It further said, “Justice in Nigeria is not to be allowed to rest on rulings outside of Nigeria. It must be contested in Nigeria under Nigerian law and the scrutiny of the Nigerian courts. The London judgment will for a long time stand as further evidence of an imperialistic and relativistic English justice. This is more especially revealed in international commercial matters and in relation to African and other developing states. This is what makes it imperative for Nigeria to pursue a sovereign redeeming jurisprudence as an independent country. The imperatives are clear, charges against Adoke and the other accused persons must be pursued. The rule of law demands nothing less.”

Meanwhile, there are many ramifications of this unsatisfactory judgment. The effects it has on the fight against grand corruption in Nigeria are particularly deserving of analysis. More specifically it may have negatively impacted ongoing and future prosecutions relating to the notorious Oil Prospecting License 245 scandal. The effects on the legal attempts to bring the former Attorney General of the Federation, Mohammed Bello Adoke to justice deserves special attention.

The London judgment has brought sheer disappointment to anticorruption campaigners both in Nigeria and abroad. This is particularly true for those seeking to expose Adoke’s role in Nigeria’s most scandal-ridden oil deal. It appears that to exonerate JPMC from ultimate liability for Nigeria’s losses the judge arguably had to whitewash Adoke’s failings.

The court’s reasoning curiously rendered a most artificial and favourable view of Adoke’s official as well as personal actions and activities. For JPMC to avoid liability a scandalized Nigerian official facing multijurisdictional censure is now near completely exonerated in the eyes of British law.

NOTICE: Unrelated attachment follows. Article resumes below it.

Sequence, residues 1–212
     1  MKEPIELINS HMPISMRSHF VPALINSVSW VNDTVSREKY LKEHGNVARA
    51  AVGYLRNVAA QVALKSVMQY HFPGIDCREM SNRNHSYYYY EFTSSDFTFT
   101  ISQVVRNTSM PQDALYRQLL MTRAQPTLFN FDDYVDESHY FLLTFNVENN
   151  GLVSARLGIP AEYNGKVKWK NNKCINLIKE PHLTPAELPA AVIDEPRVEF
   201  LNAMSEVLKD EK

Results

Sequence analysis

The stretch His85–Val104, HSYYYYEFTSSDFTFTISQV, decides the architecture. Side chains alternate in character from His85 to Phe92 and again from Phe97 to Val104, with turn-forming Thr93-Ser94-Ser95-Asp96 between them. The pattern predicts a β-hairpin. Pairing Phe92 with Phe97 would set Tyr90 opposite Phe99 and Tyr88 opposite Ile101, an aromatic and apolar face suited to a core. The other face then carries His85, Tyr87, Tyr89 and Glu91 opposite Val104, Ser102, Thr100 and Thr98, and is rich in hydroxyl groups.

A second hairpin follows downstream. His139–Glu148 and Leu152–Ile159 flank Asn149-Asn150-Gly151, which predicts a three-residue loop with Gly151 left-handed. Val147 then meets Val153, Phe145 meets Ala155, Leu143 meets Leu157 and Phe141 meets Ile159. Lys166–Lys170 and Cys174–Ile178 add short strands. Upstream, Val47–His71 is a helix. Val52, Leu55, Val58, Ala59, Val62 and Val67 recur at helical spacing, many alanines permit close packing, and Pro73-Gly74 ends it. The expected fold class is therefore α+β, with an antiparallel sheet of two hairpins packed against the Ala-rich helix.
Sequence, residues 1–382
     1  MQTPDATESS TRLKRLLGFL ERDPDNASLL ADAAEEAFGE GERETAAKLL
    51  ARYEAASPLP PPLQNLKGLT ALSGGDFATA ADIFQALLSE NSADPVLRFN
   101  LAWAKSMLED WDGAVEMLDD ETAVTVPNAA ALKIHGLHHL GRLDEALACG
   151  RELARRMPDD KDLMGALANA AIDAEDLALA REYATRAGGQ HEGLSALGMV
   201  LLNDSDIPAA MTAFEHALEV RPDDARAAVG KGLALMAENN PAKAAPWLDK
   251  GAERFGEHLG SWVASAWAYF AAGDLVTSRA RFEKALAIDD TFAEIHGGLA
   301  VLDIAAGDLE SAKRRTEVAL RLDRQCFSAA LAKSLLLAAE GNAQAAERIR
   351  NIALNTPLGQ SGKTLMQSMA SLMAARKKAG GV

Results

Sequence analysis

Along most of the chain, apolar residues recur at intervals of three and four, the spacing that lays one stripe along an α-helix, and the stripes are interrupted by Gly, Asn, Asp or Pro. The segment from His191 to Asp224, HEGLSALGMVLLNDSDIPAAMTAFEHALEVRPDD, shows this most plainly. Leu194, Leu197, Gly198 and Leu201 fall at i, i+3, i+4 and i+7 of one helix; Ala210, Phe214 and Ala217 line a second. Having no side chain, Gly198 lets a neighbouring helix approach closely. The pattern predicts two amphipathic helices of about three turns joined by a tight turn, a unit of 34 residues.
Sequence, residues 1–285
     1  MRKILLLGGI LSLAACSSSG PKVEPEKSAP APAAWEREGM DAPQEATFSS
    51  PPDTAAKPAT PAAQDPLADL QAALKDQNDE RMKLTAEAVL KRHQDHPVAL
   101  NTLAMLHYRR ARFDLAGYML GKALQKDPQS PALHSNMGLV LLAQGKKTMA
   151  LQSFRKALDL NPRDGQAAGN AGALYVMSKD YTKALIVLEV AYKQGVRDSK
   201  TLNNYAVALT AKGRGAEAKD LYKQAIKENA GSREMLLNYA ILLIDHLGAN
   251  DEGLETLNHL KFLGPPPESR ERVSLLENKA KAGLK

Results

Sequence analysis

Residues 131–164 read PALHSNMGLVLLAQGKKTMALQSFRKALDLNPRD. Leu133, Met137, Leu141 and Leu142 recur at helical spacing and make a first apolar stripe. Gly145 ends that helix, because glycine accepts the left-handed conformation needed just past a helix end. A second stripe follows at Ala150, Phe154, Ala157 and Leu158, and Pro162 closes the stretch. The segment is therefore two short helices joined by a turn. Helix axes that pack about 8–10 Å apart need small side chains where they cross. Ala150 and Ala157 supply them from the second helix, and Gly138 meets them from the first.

It is important to discuss this unsatisfactory outcome because of the effects this judgment will have on anticorruption and transparency law and practice in Nigeria. The judgment may also have implications on a couple of ongoing criminal and civil actions in Nigeria against this former law chief.

Mr Adoke has, of course, seized on this recent judgment in a London Commercial Court as exonerating him of any wrongdoing related to the controversial sale of the OPL 245 oil licence to multinationals Shell and Eni, which resulted in over a billion dollars being paid to Malabu Oil & Gas, a company owned by Dan Etete who had effectively awarded the licence to himself when he was an oil minister during the notorious military regime of Ibrahim Abacha.

The deal was alleged by the Nigerian government to be corrupt and fraudulent. The FRN sued JP Morgan Chase bank for negligence in its handling of the funds from the deal. Nigeria identifies three masterminds of the scheme. They are Mr Dan Etete (1998), Mr Bayo Ojo (2006) and Mr Mohammed Adoke (2011). The judge in the London case controversially concludes that Adoke acted honestly in negotiating the deal. The judgement nonetheless describes the whole deal as an “unattractive” transaction with a “murky” past mired in corruption.

The judgment has apparently taken a very liberal view of several actions and situations involving Adoke. There are significant instances where the court admits that the fact ‘looks sinister’. Nevertheless, through various contortions of logic, it excused things away. The learned Mrs Justice Cockerill apparently does not fully understand the complexities and nuances of Nigeria’s grave problems with grand corruption.

Much of the evidence on the corruption of Nigerian officials rested on matters and issues the Judge really would have been able to take judicial notice of if the court was familiar with the terrain of grand corruption in Nigeria. Indeed the judgment appears to confess to a sheer lack of familiarity with financial realities of Nigerian life.

For instance, as the FRN alleged between 2011 and 2013 Mr Adoke as Attorney General was making property deals for himself running into millions of dollars. Mr Adoke received over $2 million into his account in cash. Yet the judgment concluded that the mere fact of the house being bought cannot be enough without more to conclude that Mr Adoke was living above his income. A Nigerian judge will of course be in a better position to understand the types of sums that suggest a Nigerian official leaving above his means.

Adoke’s spin on the judgment is thus in a sense understandable, even as it may be opportunistic. This is because he is facing three sets of charges in Nigeria for corruption and other offences related to the OPL 245 deal. However, on an impartial reading, the judgment fails to provide Adoke with a safe harbour. On the contrary, it provides grounds for new charges being brought against the former Attorney General. It also may have complicated his defences in a defamation claim that has been lodged against him. This suit is brought by Olanrewaju Suraju, Chair of the Human and Environmental Development Agenda (HEDA).